Gamma-Theta-Vol triangle

The entire concept of volatility trading can be simplified into a triangular relationship between Vol-Gamma-Theta.

Although it might seems oversimplifying a rather complex dynamic of option trading, your realized pnl will be determined by that triangle
Let's understand how this three-way relation affects your option trading pnl...

We know that volatility determines the cost of the option, so to have a profitable option strategy we first need to be on the right side of the trade (buying cheap vol, and selling rich vol), but
once we traded the option we enter the gamma-theta phase of running the day-to-day risk of our strategy...

Our premiums (paid or received) are given at inception, and we can think of the option premium as a series of T interval straddle breakeven, so to be profitable we need
either to realize above (if we are long gamma) or below (if we are short gamma).

Our Gamma is also affected by the vol, as it has inverse relation with the level of vol (the higher the vol, the lower our gamma and vice versa). If we are buying high vol, our dDelta/dSpot will be
low, so if we are long gamma we will either need meaningful move to accumulate delta, or hedge relatively small delta at a fixed% move.

This is where the gamma-theta relation comes to play... we know our daily theta, and we know our gamma, so at the end of the day our profit
is determined by the way we monetize our delta hedging (which is how we realize the volatility).

This triangle also dominates volatility cycles. As investors sell vol to lower volatility levels, their -ive gamma increases, they will have less delta-tolerance and cause
a cascading effect of higher realized volatility -> higher implied volatility (I know there is more to that, vanna/charm/dealer GEX, but for the sake of the argument I'm making that simple)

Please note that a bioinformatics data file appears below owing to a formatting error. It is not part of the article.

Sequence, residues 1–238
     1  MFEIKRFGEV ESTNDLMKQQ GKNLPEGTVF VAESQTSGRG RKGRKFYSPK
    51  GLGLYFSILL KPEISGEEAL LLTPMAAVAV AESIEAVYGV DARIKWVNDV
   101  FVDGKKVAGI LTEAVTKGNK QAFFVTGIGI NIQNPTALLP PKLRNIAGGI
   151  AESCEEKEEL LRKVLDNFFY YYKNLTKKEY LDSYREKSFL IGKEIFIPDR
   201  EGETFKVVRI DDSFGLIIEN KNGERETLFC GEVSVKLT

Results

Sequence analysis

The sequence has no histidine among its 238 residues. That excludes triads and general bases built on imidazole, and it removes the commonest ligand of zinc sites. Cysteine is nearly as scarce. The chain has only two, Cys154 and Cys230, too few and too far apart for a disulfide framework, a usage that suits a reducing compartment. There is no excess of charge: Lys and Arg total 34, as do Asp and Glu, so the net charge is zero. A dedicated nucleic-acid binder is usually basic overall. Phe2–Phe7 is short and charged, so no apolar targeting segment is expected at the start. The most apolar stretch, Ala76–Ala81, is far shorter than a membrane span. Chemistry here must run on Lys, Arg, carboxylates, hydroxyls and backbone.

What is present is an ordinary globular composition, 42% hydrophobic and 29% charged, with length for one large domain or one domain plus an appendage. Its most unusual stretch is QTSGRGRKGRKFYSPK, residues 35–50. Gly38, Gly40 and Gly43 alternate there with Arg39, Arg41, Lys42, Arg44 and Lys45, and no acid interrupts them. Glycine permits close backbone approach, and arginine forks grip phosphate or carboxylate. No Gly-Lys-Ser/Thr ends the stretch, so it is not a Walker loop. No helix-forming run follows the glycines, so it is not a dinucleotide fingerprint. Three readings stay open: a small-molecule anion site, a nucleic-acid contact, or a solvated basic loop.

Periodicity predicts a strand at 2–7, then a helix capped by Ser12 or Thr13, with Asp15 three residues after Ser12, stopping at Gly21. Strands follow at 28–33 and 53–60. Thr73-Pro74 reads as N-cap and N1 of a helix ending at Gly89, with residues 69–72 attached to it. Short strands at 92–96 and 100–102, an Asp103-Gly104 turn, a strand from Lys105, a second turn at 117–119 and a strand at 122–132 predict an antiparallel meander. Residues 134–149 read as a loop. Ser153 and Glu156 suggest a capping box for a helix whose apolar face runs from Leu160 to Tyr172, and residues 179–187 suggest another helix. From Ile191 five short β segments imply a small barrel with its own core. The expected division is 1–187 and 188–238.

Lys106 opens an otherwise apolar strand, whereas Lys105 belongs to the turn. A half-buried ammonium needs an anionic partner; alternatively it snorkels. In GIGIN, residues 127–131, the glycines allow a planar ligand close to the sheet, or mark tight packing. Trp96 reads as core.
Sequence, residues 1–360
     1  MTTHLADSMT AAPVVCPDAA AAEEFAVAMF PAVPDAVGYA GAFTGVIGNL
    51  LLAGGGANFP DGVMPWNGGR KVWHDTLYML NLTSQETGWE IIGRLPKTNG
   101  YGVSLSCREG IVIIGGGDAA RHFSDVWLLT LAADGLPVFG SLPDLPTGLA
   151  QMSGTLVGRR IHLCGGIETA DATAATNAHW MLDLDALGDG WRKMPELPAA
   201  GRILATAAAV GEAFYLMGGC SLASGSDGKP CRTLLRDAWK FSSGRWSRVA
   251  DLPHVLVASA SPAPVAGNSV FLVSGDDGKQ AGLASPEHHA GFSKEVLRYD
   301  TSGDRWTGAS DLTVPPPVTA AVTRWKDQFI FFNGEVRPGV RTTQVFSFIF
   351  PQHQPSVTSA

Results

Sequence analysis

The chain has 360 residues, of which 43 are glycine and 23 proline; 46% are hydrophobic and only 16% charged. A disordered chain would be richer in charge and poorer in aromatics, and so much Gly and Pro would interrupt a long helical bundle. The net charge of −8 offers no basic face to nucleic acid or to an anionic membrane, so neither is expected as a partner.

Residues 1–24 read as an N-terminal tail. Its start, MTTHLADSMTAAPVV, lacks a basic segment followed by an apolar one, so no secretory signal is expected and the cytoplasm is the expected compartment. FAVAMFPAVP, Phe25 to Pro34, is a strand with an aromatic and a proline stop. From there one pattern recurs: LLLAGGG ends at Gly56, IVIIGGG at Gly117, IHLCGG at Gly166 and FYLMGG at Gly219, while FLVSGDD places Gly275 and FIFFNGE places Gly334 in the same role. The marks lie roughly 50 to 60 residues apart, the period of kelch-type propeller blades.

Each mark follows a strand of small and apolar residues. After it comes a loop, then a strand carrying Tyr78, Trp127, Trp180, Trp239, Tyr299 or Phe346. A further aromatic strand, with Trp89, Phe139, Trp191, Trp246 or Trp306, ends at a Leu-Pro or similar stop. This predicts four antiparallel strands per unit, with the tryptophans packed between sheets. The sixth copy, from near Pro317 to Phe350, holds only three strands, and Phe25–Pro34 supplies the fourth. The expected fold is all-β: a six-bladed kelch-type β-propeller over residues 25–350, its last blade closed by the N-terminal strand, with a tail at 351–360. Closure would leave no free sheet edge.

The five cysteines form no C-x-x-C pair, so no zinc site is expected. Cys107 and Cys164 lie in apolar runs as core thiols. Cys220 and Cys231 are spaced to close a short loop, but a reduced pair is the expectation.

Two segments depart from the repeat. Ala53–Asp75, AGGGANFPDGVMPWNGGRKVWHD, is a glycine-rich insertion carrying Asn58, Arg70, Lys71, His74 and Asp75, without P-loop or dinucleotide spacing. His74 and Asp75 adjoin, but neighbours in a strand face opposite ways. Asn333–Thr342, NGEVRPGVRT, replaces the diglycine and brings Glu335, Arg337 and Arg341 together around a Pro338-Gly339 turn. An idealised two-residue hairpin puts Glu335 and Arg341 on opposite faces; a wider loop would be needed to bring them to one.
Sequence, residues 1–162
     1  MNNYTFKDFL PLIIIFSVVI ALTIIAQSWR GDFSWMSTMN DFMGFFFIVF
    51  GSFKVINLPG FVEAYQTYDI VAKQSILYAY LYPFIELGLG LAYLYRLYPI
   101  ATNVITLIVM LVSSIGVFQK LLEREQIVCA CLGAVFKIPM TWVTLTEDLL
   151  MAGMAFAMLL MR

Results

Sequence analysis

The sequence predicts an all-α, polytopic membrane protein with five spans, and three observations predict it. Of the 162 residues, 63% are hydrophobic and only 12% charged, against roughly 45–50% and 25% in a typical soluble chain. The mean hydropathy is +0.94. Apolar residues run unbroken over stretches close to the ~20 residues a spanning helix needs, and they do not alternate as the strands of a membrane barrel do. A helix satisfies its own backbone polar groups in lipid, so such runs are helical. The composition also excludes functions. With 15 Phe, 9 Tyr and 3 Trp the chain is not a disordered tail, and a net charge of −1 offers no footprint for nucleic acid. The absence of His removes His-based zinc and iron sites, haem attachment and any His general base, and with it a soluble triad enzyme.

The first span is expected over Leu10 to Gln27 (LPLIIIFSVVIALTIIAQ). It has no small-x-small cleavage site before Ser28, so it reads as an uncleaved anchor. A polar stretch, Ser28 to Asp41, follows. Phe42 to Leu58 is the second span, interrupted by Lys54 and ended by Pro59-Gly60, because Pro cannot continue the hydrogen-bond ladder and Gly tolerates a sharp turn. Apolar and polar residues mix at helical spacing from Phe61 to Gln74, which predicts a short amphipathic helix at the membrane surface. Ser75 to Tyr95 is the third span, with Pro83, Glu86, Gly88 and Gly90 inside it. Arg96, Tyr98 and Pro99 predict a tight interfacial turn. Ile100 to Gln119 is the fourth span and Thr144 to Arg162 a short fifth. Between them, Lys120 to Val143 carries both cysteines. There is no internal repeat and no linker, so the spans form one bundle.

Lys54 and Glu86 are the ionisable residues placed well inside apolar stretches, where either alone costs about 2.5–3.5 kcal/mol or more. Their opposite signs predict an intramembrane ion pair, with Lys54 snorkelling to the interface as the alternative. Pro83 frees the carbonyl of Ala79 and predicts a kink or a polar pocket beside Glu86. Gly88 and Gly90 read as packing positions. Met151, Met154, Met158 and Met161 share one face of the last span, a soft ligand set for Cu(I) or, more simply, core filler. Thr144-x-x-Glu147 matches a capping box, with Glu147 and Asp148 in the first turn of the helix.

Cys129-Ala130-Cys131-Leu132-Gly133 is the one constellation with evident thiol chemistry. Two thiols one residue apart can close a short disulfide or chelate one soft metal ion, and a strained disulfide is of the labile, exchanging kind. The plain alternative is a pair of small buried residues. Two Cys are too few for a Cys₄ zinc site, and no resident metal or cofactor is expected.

That is the reason, imo, that vol short squeeze is much more powerful than a 'normal'
one. The leverage that our gamma provides us, causes asymmetric pnl profile.

Now, I'm not trying to advocate either long, nor short gamma, but to trade volatility profitably and efficiently we need to be aware of this dynamic

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More from @VolQuant

4 May
Risk today feels bit on the soft side, and while I have literally no clue whatsoever whether this is going to develop into a sell-off today or not there are few things that worth keeping an eye on:

1. USDJPY vol has been outperforming implieds for about a week now...
when you see this kind of dynamic it's definitely a good sign for risk. wider trading range of USDJPY = more volatile USD/ TYs

2. SGD realized x2 move compared its 1m vol. We are talking about a currency that almost never moves

3. very weak HY currencies (EM, commodity G10)
4. FX vols coming of a somewhat low base, which means that gamma is cheap to own (short gamma more painful, less buffers)

5. Inflation expectations creeping higher w/ commodities but treasury yields are somewhat low
Read 4 tweets
10 Apr
While most of the people on my twitter feed are all about the next 5-10pts in ES and vanna/charm/gamma squeeze (or anything else which is the flavor of the month), very few look at a pretty big thing that can (and should) be alarming - China shadow banking
This "little" problem is something that unlike other crises, is an ongoing bubble-like train wrack that the CCP has to carefully deflate, so every few months they deleverage a bit more.

In 2015 they had to deleverage their stock market after a boom of margin retail accounts